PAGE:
I read your editorial about criminal background checks. I'm the fleet operations manager for a small petroleum distributor. We have 43 drivers with their hazmat endorsement. In the state we are in, I cannot acquire their driving record without my signing an affidavit that the record will only be used for the purposes of determining their qualification for employment purposes. I don't have the drivers acquire them from the local DMV because with a computer and a scanner, items can be easily deleted. When I get a DOT inquiry from another employer about a former employee, we only verify dates of employment, wage, position, and types of equipment driven.
Due to past court cases we do not make personal judgments on whether that person was a good, bad, or indifferent employee. If a company wants to know if an applicant had accidents or tickets, get the latest driving record abstract. Many other companies follow this same policy, as many of the inquiries I send out come back with the same information omitted.
Do I feel that these items hinder my ability to hire a qualified person? No, I feel that common sense and trusting your instincts is the best tool a supervisor can use. Yes, the federal government should be out there advising us, alerting us of problems, giving us guidelines to go by, but passing more laws taking away good citizens' rights is not the answer. If I and my fellow employees do our job, most of the criminal element won't be hired.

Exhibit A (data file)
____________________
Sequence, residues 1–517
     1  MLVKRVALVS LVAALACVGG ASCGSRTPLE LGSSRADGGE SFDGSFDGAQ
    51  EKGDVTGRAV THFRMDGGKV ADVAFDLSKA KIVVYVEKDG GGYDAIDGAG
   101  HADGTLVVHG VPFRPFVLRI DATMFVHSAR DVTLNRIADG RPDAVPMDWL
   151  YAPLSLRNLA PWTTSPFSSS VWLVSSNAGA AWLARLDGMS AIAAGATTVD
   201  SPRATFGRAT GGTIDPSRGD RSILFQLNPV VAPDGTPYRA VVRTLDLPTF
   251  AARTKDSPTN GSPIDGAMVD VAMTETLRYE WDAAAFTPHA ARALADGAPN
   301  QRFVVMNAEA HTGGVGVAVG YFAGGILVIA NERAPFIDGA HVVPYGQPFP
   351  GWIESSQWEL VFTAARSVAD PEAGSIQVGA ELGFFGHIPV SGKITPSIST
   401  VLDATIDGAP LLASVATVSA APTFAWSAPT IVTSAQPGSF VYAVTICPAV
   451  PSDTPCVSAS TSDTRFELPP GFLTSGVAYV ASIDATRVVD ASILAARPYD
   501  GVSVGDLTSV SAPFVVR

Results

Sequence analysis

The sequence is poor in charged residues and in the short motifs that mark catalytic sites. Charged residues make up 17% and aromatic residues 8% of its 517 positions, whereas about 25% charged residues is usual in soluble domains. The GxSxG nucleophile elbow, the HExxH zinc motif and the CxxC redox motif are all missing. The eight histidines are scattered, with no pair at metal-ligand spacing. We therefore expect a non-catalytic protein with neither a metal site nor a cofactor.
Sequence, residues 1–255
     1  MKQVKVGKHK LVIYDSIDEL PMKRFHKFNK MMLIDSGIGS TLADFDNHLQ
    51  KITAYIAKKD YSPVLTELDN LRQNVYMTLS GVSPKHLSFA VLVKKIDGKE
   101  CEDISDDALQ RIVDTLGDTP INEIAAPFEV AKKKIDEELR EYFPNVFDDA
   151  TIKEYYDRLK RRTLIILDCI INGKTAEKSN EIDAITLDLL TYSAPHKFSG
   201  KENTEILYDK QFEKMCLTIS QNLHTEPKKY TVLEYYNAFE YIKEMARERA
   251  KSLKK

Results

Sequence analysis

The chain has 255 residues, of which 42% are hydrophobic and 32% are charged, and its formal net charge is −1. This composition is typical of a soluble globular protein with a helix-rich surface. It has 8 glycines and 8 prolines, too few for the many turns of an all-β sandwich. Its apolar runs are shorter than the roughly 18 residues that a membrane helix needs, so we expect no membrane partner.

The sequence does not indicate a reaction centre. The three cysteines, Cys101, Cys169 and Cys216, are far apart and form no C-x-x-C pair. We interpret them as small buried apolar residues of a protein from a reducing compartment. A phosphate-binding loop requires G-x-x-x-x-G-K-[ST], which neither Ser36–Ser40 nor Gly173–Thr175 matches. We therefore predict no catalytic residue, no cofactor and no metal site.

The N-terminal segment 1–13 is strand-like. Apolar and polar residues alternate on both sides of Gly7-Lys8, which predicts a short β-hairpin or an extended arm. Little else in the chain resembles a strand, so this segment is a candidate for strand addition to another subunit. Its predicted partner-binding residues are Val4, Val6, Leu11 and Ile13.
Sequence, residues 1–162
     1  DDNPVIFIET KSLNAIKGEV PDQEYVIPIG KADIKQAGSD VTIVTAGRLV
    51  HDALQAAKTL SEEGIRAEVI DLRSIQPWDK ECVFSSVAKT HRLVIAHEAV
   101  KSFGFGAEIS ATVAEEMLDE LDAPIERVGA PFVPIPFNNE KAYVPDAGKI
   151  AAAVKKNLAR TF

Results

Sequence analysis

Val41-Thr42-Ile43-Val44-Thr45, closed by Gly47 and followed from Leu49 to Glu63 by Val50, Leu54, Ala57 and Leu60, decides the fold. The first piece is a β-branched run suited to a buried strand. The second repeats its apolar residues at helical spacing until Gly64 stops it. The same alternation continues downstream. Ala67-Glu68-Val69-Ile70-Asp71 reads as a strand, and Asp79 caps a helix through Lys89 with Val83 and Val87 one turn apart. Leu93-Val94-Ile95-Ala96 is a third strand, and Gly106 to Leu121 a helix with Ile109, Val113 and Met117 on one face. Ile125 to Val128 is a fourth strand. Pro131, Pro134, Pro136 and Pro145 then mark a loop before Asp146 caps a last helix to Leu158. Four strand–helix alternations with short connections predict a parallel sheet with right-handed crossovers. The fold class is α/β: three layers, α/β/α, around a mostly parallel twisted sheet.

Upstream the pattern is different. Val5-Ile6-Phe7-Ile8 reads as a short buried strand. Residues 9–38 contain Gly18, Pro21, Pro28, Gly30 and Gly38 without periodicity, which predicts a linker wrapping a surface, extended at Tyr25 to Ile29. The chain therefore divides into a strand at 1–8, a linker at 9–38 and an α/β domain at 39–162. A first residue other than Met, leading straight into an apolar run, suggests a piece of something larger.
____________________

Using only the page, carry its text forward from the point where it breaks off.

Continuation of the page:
There will always be cases like the one reviewed in your editorial. If one of our trucks is hijacked even with GPS monitoring, a well-planned terrorist group could strike faster than the police could react. Freedom has never been — nor will it ever be — without risk. If we start to pass laws that take away the freedom of good citizens, then the terrorists have taken away something more valuable than our safety. Keep up the good editorials.